ry Cross' which is perhaps more suited to this collaboration. What's the lowdown on the whole album boyhowdy?

brian d eichenberger said...

Hey -

If you want to hear another excellent cover of this tune, look for a live version from the Counting Crows. For a few years they would do this song as a part of "Rain King" - it is brilliant.

Best boot I've heard comes from the 1999 Magness Arena show. You should be able to find that boot on the net pretty easily.

Let me know if you want to can't find it and want to hear it.

briandeichenberger@yahoo.com

boyhowdy said...

Taste is taste; I'd never let myself get into a position of defending why you should like this song -- though I agree with your assessment of sound (Steely Dan I had in mind; Tardis completes the image).

If it helps, though, to say that the setting of the lyrics "drowns the urgency and drama" is to mistake the lyrics for being the primary carrier of such tonal aspects of song. One of the things about covers: they help us see that delivery (which create the contextual aspects of emotional meaning: tone, instrumentation, pacing, etc.) affects meaning to a significant extent.

Who said Oldham was going FOR passion? Certainly, songcraft uses a much broader palette; Steely Dan, for example, is many wonderful things, but passionate it is not, and that's no failing when it wasn't the point. Lines like the above, and like comparisons to "stale weetabix", suggest that you still have the original Springsteen song in mind as a standard -- which is hard to shake loose, admittedly, but which does not allow a listener to do real justice to a cover which is designed to recast completely.

A Challenge, then: see this song for what it is, rather than a commentary on the original, and we can talk.

Haven't heard the whole album -- notably, a full-bore cover album, which seems to be out of print in the US, since the web page for its label is defunct -- though I'd LOVE to hear the R Thompson cover on it. But I note that this is a blog about song: as such, I feel perfectly comfortable treating the song as song, especially given that its context -- as with all covers -- is clearly supposed to rest primarily in the ears of the listener, and in the memory of the original. Postmodernism aside, music recorded in a world where songs are individual artifacts more often than not only begs us to do so.

BWR said...

BH - No problems here. I have no expectations of being linked or not linked. Just here for the tunes and some good reading. Great post, btw.

boyhowdy said...

Brian: I had heard (and once had) a very poor-quality recording of the Counting Crows cover, but crowd noise and poor sound mixes are annoying, so I deleted it in the name of storage space. if you've got something a bit more...listenable, then I'd love to hear it; CC deserve a second chance...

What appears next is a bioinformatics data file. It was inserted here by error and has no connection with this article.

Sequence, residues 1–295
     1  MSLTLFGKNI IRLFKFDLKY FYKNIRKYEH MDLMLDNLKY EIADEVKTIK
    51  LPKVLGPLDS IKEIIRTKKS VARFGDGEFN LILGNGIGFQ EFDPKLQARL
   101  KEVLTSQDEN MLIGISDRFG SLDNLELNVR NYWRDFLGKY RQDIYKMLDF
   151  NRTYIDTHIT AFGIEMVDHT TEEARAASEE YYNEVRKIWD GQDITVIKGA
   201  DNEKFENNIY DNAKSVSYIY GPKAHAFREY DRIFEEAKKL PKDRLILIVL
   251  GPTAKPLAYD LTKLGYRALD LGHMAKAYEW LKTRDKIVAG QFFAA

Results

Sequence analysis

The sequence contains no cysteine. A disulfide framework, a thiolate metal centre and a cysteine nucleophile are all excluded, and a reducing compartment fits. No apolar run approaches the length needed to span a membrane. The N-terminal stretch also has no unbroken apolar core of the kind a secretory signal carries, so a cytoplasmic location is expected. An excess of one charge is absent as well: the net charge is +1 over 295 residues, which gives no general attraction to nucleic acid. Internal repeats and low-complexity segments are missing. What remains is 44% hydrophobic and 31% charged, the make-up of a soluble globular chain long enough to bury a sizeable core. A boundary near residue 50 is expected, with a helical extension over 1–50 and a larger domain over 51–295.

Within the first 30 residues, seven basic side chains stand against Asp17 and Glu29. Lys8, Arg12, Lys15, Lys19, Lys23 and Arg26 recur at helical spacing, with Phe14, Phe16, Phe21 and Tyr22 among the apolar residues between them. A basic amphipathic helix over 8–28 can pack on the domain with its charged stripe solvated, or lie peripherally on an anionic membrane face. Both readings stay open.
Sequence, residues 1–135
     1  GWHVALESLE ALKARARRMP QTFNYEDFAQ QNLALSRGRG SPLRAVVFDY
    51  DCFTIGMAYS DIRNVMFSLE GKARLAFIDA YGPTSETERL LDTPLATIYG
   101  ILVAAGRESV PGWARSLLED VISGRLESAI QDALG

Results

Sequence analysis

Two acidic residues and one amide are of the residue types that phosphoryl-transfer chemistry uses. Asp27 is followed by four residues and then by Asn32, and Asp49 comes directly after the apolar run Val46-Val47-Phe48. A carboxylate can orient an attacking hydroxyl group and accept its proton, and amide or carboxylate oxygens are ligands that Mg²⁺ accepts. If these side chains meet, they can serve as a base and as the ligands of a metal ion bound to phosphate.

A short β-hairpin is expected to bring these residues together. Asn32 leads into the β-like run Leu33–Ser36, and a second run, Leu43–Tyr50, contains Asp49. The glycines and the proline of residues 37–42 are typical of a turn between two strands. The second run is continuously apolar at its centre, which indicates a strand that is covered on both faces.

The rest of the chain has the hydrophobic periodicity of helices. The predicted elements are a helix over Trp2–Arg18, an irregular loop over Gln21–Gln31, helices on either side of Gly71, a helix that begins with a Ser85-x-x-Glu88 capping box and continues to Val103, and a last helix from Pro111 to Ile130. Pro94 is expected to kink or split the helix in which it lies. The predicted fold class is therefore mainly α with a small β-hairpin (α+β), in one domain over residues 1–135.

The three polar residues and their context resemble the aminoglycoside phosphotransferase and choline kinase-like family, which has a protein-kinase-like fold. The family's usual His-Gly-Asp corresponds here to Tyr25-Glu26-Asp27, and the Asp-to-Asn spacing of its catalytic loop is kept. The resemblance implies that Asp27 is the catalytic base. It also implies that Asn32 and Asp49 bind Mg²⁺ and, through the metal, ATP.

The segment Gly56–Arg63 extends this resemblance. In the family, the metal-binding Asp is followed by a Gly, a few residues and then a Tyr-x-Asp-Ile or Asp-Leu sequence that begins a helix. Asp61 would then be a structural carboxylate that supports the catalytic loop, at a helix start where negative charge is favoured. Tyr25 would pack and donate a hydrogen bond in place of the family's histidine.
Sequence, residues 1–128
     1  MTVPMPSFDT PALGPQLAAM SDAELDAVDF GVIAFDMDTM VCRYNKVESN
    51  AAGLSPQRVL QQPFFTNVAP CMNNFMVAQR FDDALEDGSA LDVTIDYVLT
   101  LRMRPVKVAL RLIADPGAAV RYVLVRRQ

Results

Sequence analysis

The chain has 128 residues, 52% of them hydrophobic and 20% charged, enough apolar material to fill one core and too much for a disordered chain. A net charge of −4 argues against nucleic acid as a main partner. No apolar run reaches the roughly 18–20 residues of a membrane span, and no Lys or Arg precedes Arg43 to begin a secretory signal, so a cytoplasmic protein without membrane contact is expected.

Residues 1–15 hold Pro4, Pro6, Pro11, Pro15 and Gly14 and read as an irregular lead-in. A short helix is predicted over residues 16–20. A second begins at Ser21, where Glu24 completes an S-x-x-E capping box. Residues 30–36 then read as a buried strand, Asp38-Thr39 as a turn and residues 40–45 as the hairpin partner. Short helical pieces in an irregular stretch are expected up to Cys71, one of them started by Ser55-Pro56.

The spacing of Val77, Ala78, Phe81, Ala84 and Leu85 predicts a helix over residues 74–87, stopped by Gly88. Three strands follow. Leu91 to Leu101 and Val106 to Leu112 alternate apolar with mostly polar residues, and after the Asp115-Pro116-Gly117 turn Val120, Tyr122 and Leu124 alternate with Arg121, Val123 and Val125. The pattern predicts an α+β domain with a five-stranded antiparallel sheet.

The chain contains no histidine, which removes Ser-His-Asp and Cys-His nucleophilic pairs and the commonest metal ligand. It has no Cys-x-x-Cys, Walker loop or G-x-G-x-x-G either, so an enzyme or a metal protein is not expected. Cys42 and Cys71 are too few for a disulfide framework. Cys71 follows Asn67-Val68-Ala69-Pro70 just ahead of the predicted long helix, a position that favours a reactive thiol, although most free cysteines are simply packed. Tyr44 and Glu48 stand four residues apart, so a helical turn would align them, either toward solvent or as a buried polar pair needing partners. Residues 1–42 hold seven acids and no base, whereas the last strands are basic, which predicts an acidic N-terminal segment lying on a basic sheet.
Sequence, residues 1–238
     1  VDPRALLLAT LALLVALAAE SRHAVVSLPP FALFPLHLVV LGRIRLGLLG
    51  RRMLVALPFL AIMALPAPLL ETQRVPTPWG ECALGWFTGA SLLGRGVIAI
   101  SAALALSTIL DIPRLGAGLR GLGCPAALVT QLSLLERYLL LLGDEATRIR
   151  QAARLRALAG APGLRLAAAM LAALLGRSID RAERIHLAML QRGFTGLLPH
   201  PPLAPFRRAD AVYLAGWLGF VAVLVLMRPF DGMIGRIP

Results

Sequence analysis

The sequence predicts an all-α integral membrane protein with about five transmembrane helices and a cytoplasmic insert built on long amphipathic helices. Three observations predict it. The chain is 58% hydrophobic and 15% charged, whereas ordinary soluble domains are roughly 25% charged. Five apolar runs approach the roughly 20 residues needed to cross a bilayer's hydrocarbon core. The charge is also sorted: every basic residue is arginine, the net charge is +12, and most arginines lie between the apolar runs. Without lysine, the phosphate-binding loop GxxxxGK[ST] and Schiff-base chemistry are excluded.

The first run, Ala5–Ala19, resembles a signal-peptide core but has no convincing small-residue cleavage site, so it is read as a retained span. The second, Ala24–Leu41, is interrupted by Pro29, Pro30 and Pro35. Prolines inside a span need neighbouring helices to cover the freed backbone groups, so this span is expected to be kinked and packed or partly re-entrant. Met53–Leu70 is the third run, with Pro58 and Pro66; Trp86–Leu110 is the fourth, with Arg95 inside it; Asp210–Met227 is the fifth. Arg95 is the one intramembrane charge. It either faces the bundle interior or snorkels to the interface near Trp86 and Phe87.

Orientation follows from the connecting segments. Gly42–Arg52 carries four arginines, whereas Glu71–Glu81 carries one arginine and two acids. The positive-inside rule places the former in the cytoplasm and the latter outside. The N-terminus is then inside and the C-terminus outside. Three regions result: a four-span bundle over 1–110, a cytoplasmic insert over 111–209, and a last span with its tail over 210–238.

Also have a few others -- Dan Bern's is VERY Springsteen; Fall Out Boy is a failed attempt at fragility. Let me know, folks -- I may even have them up tomorrow on my own blog, come to think of it; this theme is worth the cross-promotion, and my own entries relevant to readers of covers, I hope.

boyhowdy said...

Whoops - meant to reference Badly Drawn Boy, not Fallout Boy, in the above. You'd think, as a boy myself, I'd be able to keep them apart. I claim oversleeping.

Matt said...

Annother good "reimagining" or "working over with a sock full of rocks" (take your pick!) of a great Springsteen song is Halloween, Alaska doing "State Trooper." I wish I had a copy to pass along, and I'll definitely scan the webs a little heavier, later on, but... Halloween, Alaska take the sparse Springsteen song and plop it down inside a bed of electronic blips and whirrs and hums. First time I heard it, I didn't even recognize it as a cover, and the second time, I had to pay attention and it still didn't seem at all familiar. It's good, just not familiar.
I'll try round up a copy for you.

Anonymous said...

The stale weetabix jibe was a bit much I must admit. And slightly missing the point I guess. The reason I mentioned the album was because it was one that seemed to split opinion straight down the middle. People either loved or hated it and many people who weren't big fans of Will Oldham's career up until that point seemed to take to the album alot easier than many of his loyal fanbase. I agree passion isn't everything and I probably will give it another chance. And, if I can get hold of a copy over here in the UK I will definitely post up the Richard Thompson cover on a relevant link. I live near Camden Town(a place mentioned in a Steve Earle song) and if it can't be found there it can't be found anywhere.

monster paperbag said...

"All Along the Watchtower", hands down, is the greatest cover song. Ever.